||This article appears to be written like an advertisement. (February 2013)|
|Type of site||B2C E-Commerce|
|Alexa rank||54 (April 2013[update])|
Tmall.com (Chinese: 天猫; pinyin: Tiānmāo), formerly Taobao Mall, is a Chinese-language website for business-to-consumer (B2C) online retail, spun off from Taobao, operated in the People's Republic of China by Alibaba Group. It is a platform for local Chinese and international businesses to sell quality, brand name goods to consumers in mainland China, Hong Kong, Macau and Taiwan.
Tmall.com was first introduced by Taobao in April 2008 as Taobao Mall (simplified Chinese: 淘宝商城; traditional Chinese: 淘寶商城; pinyin: Táobǎo Shāngchéng), a dedicated B2C platform within its consumer e-commerce website. Since then, Taobao Mall has established itself as an online gateway for leading local and global brands to reach out to the growing Chinese consumer base as well as the destination for domestic online shoppers to purchase quality, brand name goods.
In November 2010, Taobao Mall introduced an independent web domain, tmall.com, to differentiate listings by its merchants, who are either brand owners or authorized distributors, from Taobao’s C2C merchants. Meanwhile, it kicked off a US$30 million advertising campaign to raise brand awareness among consumers. It also announced an enhanced focus on product verticals and improvements in shopping experience.
In June 2011, Alibaba Group Chairman and CEO Jack Ma announced a major restructuring of Taobao through an internal email. It was reorganized into three separate companies. As a result, Tmall.com became an independent business under Alibaba Group. The other two businesses that resulted from the reorganization are Taobao Marketplace (a C2C marketplace) and eTao (a shopping search engine). The move was said to be necessary for Taobao to “meet competitive threats that emerged in the past two years during which the Internet and e-commerce landscape has changed dramatically.”
In October 2011, Tmall.com experienced two successive waves of online rioting  since it significantly increased fees on online vendors. The service fees raised from 6,000 yuan ($940) to 60,000 yuan ($9,400) a year, and a compulsory fixed sum deposit gone from 10,000 yuan ($1,570) to up to 150,000 yuan ($23,500). According to Tmall.com, the price increase was intended to help weed out merchants that are too often a source of fakes, shoddy products and poor customer service. Stores that earn top ratings for service and quality from customers and high sales volumes are entitled to partial or full refunds.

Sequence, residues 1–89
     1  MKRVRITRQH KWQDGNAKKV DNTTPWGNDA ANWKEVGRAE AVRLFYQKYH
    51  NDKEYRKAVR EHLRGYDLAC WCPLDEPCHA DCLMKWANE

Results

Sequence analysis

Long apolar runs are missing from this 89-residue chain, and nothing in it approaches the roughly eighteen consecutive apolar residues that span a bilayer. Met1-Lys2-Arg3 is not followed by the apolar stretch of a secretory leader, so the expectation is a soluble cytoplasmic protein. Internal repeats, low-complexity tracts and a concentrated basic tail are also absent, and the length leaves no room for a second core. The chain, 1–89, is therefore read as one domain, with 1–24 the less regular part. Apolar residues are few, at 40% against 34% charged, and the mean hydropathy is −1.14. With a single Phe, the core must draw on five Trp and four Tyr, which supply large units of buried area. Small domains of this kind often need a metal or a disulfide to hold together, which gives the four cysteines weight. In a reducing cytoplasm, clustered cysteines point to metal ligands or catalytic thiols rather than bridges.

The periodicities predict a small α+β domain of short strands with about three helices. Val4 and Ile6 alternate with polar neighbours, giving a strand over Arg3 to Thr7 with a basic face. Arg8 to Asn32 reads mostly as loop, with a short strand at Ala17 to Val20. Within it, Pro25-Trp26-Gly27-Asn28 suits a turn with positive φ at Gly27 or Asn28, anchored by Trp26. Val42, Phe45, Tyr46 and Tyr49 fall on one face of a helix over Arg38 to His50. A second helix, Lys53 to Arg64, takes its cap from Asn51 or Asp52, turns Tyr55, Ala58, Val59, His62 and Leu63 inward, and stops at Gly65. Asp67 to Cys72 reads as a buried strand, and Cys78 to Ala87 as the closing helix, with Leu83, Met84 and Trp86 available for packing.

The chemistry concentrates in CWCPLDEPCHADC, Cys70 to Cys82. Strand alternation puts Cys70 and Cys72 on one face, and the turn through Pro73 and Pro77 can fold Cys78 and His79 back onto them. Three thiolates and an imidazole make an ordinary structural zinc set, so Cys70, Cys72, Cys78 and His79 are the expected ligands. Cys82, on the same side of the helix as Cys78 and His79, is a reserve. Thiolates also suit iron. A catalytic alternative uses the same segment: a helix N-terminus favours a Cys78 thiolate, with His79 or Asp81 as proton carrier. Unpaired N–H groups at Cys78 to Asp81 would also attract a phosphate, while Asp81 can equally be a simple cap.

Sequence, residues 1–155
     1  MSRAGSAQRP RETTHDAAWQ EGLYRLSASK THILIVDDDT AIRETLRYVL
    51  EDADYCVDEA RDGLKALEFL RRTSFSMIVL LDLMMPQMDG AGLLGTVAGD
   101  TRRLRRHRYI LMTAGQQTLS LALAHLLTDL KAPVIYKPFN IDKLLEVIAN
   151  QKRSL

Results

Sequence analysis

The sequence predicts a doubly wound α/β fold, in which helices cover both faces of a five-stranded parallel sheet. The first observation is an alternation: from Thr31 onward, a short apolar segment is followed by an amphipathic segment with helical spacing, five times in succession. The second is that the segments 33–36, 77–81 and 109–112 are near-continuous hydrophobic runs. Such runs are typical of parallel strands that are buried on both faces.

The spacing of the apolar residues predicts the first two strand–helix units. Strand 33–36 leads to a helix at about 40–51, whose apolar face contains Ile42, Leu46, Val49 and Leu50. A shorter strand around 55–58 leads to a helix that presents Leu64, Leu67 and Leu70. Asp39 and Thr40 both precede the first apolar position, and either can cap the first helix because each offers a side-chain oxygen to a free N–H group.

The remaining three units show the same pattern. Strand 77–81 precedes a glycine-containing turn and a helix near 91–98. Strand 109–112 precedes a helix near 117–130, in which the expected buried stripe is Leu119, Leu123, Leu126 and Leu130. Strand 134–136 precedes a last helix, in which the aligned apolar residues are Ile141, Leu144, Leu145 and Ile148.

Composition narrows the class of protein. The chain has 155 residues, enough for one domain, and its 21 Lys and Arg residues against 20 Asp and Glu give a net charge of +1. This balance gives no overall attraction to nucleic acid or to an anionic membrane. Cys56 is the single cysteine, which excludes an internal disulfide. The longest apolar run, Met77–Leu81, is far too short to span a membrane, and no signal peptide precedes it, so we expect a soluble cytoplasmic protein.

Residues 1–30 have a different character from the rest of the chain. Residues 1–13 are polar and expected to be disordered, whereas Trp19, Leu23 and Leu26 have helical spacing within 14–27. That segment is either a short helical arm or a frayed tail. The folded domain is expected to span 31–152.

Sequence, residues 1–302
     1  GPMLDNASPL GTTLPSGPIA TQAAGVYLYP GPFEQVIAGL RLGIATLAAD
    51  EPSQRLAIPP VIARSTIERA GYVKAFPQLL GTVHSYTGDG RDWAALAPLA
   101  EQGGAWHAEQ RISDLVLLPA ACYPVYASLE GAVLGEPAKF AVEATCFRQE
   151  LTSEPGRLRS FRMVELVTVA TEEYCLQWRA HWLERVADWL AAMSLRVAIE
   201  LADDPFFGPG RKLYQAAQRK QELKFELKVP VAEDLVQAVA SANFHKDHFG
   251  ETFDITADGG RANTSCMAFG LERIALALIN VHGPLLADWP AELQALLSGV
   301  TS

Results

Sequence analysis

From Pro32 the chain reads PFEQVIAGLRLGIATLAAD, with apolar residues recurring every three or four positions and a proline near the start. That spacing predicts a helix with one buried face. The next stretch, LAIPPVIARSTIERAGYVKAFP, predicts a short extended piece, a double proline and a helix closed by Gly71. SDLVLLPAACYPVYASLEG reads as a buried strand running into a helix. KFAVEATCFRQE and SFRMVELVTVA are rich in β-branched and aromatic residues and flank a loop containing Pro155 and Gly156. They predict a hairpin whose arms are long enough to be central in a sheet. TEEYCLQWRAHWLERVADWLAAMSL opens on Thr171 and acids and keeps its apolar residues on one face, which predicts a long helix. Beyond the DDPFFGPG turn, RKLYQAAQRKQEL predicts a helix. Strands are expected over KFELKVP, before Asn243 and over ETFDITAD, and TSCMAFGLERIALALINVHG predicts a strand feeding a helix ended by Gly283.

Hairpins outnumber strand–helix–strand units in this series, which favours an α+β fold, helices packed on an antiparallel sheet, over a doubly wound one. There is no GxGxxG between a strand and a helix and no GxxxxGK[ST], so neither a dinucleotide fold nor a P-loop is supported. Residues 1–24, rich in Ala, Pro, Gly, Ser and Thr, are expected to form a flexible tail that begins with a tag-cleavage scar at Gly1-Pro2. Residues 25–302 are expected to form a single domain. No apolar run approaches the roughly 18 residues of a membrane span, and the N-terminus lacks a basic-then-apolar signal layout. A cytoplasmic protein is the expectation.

On January 11, 2012, TMall.com officially changed its Chinese name to Tian Mao (天猫), the Chinese pronunciation of Tmall, which literally means “sky cat”, to strengthen the platform’s positioning as a shopping destination for high-quality, brand-name products.
As of now, brands that have established flagship stores on Tmall.com include P&G, Adidas, UNIQLO, GAP, Nine West, Reebok, Ray-Ban, New Balance, Umbro, Lenovo, Dell, Nokia, Philips, Samsung, Logitech and Lipton.
Tmall.com currently features more than 70,000 international and Chinese brands from more than 50,000 merchants and serves more than 180 million buyers. Tmall.com ranked number one among all Chinese B2C retail websites for 2010 in terms of transaction volume, with a gross merchandise volume of RMB30 billion – about three times the amount facilitated by 360buy, its closest competitor. The site accounts for a 47.6% share of the B2C online retail market in China, followed by 16.2% of 360buy and 4.8% of Joyo Amazon.
According to Alexa, Tmall.com is the 43st most visited website globally and is the 8th most visited site in China.
Alipay, an escrow-based online payment platform, is the preferred payment solution for transactions on Tmall.com.
As on Taobao Marketplace, the C2C e-commerce platform under Alibaba Group, a distinctive feature of shopping on Tmall.com is the pervasive communication between buyer and seller prior to the purchase through its embedded proprietary instant chat program, named AliWangWang. It has become a habit among Chinese online shoppers to “chat” with the sellers or their customer service team through AliWangWang to inquire about products, engage in bargaining, etc. prior to purchase.
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